Fall 2012 Courses

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101. Introduction to Computer Science
Daniela Oliveira M 1:00 - 2:25, W 1:00 - 2:25 Searles-223
What is computer science, what are its applications in other disciplines, and what is its impact in society? A step-by-step introduction to the art of problem solving using the computer and the Java language. Provides a broad introduction to computer science and programming through real-life applications. Weekly labs provide experiments with the concepts presented in class. Assumes no prior knowledge of computers or programming.

210. Data Structures
Eric Chown T 1:00 - 2:25, TH 1:00 - 2:25 Searles-126
Solving complex algorithmic problems requires the use of appropriate data structures such as stacks, priority queues, search trees, dictionaries, hash tables, and graphs. It also requires the ability to measure the efficiency of operations such as sorting and searching in order to make effective choices among alternative solutions. Offers a study of data structures, their efficiency, and their use in solving computational problems. Laboratory exercises provide an opportunity to design and implement these structures. Students interested in taking Computer Science 210 are required to pass the computer science placement examination before class starts.

231. Algorithms
Stephen Majercik M 11:30 - 12:55, W 11:30 - 12:55 Searles-223
An introductory course on the design and analysis of algorithms. Introduces a number of basic algorithms for a variety of problems such as searching, sorting, selection, and graph problems (e.g., spanning trees and shortest paths). Discusses analysis techniques, such as recurrences and amortization, as well as algorithm design paradigms such as divide-and-conquer, dynamic programming, and greedy algorithms.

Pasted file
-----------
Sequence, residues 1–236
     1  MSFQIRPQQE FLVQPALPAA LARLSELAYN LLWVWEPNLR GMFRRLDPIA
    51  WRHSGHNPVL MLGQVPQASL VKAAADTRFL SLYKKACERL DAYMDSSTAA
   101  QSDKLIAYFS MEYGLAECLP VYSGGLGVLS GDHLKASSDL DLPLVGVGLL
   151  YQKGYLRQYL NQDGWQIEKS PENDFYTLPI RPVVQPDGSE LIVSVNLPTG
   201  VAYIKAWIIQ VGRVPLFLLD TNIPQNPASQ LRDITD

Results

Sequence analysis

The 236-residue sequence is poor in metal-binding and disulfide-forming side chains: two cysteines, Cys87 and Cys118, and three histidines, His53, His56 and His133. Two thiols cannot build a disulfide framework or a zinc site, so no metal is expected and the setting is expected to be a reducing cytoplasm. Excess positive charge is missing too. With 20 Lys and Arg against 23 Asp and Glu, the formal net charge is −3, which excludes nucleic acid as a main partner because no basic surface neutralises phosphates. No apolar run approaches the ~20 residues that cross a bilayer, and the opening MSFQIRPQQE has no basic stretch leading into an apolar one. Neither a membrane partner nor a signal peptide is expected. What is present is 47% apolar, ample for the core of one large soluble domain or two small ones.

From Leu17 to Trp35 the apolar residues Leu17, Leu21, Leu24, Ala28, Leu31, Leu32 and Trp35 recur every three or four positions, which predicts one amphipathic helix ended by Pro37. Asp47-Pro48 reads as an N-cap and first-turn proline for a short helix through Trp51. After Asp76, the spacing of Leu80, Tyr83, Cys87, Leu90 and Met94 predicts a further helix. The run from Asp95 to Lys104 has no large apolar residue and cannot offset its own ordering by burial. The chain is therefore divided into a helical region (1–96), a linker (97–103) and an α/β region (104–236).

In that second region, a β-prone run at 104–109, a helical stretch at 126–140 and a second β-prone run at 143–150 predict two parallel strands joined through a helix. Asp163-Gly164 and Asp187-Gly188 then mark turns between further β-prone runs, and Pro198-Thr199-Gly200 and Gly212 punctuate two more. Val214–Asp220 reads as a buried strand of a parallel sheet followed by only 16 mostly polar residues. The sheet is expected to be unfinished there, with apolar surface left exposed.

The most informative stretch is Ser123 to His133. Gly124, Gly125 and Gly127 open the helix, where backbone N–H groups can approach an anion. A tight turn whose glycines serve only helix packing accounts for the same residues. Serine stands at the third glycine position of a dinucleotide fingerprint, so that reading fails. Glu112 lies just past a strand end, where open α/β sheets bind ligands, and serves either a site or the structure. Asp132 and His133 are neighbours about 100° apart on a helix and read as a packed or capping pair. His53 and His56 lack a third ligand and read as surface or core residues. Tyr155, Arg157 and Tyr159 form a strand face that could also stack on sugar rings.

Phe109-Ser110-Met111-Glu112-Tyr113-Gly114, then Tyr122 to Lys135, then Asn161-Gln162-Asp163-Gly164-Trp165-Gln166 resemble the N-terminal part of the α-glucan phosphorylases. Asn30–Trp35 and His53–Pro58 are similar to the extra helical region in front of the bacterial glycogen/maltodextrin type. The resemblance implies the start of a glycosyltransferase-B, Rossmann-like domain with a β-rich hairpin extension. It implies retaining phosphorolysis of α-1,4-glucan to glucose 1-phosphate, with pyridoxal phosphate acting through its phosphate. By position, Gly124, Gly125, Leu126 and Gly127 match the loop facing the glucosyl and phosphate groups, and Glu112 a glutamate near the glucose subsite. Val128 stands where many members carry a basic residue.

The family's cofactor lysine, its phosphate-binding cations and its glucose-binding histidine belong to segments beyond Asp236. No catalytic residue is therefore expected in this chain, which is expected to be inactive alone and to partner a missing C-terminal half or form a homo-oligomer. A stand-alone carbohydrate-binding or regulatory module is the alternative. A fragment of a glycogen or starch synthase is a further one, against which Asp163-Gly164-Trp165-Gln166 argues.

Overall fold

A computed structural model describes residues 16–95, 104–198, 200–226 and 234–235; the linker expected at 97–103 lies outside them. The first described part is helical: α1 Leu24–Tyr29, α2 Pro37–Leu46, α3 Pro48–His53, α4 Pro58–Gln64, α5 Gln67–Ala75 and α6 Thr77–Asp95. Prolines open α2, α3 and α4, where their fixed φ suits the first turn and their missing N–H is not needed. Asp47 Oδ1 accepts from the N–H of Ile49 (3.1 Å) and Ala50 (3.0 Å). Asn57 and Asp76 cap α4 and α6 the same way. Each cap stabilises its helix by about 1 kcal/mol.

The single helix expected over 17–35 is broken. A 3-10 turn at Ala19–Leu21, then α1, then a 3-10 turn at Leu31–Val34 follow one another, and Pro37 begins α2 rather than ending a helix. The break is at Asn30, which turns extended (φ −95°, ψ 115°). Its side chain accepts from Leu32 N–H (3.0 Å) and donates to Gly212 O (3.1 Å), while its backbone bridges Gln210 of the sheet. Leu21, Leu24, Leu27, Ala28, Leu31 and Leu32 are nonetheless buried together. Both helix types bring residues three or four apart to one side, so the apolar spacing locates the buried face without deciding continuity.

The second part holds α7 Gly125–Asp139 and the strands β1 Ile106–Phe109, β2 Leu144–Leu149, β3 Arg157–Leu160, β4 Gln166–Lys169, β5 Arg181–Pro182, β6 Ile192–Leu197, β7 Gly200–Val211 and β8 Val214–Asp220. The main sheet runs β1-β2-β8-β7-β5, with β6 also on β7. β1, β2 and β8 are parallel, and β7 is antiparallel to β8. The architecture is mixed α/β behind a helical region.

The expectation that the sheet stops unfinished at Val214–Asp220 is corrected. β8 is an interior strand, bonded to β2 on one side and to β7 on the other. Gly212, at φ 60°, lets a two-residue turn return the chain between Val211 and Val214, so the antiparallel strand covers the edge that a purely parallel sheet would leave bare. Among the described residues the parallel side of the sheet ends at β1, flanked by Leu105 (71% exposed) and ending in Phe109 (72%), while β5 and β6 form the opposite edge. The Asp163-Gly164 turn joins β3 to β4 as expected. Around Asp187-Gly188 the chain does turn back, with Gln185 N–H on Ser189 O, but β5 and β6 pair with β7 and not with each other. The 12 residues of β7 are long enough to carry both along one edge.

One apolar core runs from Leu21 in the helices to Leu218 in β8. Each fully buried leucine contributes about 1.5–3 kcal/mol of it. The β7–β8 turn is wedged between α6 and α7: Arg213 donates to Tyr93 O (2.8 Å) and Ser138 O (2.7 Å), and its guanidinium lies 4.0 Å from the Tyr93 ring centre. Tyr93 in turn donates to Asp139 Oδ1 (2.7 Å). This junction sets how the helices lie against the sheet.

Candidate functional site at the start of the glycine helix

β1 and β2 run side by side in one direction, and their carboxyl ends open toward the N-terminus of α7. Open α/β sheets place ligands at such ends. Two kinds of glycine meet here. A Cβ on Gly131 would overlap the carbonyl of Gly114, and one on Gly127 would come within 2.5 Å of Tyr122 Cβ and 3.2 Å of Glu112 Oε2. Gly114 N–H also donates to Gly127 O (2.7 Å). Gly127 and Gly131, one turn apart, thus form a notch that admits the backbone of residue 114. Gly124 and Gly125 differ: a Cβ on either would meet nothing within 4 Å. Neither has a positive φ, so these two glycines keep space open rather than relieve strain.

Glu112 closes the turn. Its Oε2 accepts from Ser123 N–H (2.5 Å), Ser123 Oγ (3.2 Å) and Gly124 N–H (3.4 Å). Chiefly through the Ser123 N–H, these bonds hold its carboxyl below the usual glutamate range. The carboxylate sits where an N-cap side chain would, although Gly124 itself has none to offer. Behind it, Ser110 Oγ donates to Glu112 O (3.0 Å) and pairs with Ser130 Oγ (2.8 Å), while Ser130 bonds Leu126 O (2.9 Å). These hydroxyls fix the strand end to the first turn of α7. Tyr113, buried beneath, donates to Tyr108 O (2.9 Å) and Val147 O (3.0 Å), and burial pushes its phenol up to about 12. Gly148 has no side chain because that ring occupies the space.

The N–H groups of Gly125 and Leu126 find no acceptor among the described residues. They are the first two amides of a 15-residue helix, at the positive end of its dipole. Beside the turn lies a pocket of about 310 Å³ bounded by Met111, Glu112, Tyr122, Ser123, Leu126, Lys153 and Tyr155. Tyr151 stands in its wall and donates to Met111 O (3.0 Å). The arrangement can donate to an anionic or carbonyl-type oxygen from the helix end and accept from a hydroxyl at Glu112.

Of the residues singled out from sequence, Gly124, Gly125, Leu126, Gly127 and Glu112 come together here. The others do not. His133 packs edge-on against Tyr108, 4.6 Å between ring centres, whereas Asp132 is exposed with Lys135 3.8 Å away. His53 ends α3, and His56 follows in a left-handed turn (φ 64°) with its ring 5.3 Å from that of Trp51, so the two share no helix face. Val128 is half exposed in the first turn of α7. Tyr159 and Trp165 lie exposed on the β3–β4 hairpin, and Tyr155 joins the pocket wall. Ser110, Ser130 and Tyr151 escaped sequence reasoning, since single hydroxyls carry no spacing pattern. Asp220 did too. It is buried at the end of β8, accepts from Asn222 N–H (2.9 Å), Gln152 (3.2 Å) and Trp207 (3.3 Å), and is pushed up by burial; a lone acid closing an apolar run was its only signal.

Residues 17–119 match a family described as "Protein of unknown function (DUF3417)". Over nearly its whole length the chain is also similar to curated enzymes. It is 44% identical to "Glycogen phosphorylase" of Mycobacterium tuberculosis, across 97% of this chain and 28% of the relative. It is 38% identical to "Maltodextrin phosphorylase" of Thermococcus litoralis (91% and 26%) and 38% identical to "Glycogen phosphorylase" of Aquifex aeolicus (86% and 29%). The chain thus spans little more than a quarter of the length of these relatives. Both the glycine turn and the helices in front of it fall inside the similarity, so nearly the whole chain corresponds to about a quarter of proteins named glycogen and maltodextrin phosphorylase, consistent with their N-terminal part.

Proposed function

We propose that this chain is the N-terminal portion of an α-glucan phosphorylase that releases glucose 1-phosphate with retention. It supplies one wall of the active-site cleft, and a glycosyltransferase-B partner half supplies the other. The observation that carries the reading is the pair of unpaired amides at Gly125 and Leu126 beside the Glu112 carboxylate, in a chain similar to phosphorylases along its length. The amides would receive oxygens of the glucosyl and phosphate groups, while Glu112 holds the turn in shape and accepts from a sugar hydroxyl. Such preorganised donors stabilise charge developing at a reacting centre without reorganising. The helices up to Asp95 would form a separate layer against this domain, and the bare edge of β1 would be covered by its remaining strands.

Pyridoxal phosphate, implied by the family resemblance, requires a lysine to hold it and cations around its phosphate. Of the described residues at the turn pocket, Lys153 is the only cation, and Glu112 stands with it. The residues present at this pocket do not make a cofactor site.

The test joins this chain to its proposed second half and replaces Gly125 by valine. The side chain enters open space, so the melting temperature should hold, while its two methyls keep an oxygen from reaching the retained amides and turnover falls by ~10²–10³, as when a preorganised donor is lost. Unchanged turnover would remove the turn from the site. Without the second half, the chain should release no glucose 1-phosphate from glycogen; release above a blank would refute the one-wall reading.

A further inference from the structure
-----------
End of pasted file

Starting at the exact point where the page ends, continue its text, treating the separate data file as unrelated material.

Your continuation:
355. Cognitive Architecture
Eric Chown T 10:00 - 11:25, TH 10:00 - 11:25 Searles-126
Advances in computer science, psychology, and neuroscience have shown that humans process information in ways that are very different from those used by computers. Explores the architecture and mechanisms that the human brain uses to process information. In many cases, these mechanisms are contrasted with their counterparts in traditional computer design. A central focus is to discern when the human cognitive architecture works well, when it performs poorly, and why. Conceptually oriented, drawing ideas from computer science, psychology, and neuroscience. No programming experience necessary.

360. Computer and Security
Daniela Oliveira M 2:30 - 3:55, W 2:30 - 3:55 Searles-126
Millions of people use the Internet in many important activities of their lives, but many of them are using software/hardware that is not secure. Students learn the principles, mechanisms, and implementation of computer security and data protection, attackers’ motivations, how real attacks work and how to defend against them, and how to design more secure systems. Opportunities to perform and analyze real attacks in a controlled environment. Topics include computer security and principles, malicious software (e.g., worms, rootkits, botnets, Trojans, viruses), intrusion detection, network security, Web security, access control matrices, confidentiality and integrity policies, design principles, access control mechanisms, information flow, and cryptography as a security tool.

375. Optimization and Uncertainty
Stephen Majercik M 10:00 - 11:25, W 10:00 - 11:25 Searles-126
Optimization problems and the need to cope with uncertainty arise frequently in the real world. A numeric framework, rather than the symbolic one of traditional artificial intelligence, is useful for expressing such problems. In addition to providing a way of dealing with uncertainty, this approach sometimes permits performance guarantees for algorithms. Topics include constraint satisfaction, systematic and non-systematic search techniques, probabilistic inference and planning, and population-based optimization techniques (e.g., genetic algorithms and ant colony optimization).